The film-making angle, however, turns out to be just the shaggy-dog premise for a mordant, anecdotal ramble through the roach factory inhabited by Buscemi and the colourful oddballs ricocheting through his world - his landlords, a pair of mellifluously singing Italian wideboys, his drop-dead gorgeous but disdainful Hispanic neighbour and a sleazy chat-show producer (Jim Jarmusch). As the gangster, Seymour Cassel overdoses slightly on lovable twinkle, but this is a poised debut film.

The British comedy Wild West is a tame, disappointing affair. Its conceit is to show Southall as a lawless border town in the western tradition, but this is a dead-end place, without pioneer spirit. Zaf and his brothers have formed a band, but nobody wants an Asian C&W act and they're advised to go bhangra; understandably the boys want out, and their eyes are turned not east, to Pakistan, but west, to Nashville. The film's title notwithstanding, its message is that you still have to go to America for a sense of hope and endless possibilities. The young cast, which includes Sarita Choudhury from Mississippi Masala, is very engaging, but this isn't a new Commitments, partly because there's not enough music to carry the thing along, partly because the director, David Attwood, doesn't have any of Alan Parker's raw film-making elan.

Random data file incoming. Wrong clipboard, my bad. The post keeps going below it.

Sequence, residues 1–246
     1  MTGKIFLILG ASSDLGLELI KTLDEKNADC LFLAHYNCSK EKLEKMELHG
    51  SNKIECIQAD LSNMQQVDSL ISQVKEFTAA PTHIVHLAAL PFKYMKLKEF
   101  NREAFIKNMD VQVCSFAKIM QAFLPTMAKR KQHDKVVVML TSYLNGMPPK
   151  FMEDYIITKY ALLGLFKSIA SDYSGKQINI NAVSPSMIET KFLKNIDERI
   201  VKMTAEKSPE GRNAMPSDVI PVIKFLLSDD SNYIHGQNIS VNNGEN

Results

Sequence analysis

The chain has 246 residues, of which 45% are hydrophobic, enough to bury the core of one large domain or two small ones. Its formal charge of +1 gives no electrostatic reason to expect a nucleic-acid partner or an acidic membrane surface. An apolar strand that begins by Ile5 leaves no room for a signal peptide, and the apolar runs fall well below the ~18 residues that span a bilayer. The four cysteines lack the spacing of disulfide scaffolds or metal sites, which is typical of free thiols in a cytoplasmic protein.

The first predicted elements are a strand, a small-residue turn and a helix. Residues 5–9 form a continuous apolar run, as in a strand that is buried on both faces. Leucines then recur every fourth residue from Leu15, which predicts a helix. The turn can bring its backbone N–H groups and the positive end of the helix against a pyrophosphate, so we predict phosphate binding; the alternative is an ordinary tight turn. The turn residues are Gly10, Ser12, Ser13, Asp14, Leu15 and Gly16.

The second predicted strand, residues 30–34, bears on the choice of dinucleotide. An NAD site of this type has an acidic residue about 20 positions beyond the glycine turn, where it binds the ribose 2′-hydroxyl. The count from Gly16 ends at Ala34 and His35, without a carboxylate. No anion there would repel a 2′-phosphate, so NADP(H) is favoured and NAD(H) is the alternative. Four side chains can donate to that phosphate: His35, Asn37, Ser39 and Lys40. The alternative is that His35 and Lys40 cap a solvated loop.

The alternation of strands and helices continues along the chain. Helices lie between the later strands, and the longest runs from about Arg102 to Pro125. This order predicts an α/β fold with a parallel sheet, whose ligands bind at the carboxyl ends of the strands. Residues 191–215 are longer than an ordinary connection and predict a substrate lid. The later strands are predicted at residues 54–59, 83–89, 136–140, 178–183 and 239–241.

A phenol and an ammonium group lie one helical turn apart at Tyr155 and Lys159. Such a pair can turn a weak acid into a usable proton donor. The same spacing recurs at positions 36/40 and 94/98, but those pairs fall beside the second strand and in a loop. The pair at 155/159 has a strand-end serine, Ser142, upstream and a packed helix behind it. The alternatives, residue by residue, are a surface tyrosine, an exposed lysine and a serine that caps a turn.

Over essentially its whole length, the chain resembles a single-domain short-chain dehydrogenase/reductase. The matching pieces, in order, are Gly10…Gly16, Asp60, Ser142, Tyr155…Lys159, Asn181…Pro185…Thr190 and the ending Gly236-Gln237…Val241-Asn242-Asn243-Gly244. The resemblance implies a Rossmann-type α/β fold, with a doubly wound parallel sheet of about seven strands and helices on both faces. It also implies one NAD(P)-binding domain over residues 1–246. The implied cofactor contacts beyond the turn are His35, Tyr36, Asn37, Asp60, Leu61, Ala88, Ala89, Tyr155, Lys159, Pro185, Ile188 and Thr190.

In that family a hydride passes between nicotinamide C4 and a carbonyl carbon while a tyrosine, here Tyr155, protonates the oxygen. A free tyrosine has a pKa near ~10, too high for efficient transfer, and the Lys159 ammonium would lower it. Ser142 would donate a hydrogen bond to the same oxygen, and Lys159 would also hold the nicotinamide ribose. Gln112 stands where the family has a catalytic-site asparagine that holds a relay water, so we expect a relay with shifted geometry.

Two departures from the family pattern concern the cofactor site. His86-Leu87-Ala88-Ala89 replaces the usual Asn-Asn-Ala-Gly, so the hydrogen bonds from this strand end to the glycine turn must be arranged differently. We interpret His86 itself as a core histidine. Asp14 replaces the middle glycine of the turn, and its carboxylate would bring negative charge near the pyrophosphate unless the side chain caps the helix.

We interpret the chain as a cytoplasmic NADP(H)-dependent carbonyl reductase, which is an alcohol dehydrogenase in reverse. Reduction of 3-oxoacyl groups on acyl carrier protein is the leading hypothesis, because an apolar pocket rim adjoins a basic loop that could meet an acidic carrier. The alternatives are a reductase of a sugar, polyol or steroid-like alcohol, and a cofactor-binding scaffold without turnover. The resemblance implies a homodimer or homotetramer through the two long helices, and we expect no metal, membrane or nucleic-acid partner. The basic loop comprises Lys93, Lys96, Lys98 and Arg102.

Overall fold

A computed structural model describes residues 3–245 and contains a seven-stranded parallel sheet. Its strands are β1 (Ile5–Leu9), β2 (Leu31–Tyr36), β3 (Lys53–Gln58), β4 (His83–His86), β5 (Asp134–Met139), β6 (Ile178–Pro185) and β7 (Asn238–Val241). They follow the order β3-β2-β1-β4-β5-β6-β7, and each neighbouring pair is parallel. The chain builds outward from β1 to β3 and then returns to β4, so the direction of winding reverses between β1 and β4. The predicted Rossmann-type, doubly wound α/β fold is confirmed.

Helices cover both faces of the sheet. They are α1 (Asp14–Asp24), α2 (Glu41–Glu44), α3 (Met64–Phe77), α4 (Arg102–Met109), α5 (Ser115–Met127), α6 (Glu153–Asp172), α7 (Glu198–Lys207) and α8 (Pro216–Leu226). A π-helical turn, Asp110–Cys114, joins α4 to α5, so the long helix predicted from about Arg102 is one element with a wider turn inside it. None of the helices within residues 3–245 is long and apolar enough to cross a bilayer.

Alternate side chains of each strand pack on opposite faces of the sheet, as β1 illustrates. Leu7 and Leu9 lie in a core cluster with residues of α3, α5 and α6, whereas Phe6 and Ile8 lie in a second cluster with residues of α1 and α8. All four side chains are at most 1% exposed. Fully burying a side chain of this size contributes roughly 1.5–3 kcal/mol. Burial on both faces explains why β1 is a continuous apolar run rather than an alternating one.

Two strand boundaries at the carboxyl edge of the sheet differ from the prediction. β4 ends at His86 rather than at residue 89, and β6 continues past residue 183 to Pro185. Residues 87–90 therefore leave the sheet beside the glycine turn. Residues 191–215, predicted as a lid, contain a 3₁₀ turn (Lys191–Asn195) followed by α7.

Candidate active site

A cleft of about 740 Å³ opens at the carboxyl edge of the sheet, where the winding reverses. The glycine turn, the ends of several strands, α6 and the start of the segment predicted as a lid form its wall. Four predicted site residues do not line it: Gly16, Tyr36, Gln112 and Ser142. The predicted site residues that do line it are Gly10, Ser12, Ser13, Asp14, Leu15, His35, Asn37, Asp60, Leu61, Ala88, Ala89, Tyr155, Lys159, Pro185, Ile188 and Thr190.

Cup Final is not about football, although a passion for the sport unites an Israeli reservist fighting in the Lebanon in 1982 and his PLO captors. Under retreat before the advancing Israeli army, the patrol advances through difficult terrain, finding a lingua franca in English and, later, a shared support for the Italian team playing in the World Cup Final in Barcelona, which is glimpsed very briefly. This is a humane, decent film which doesn't take sides ('no winners in this game,' it announces), but also a dull one. We see a symbolic football game, a symbolic billiards game, the symbolic (and, note, on-screen slaughter of a chicken) in a plodding meditation on the futility of war.

(Photograph omitted)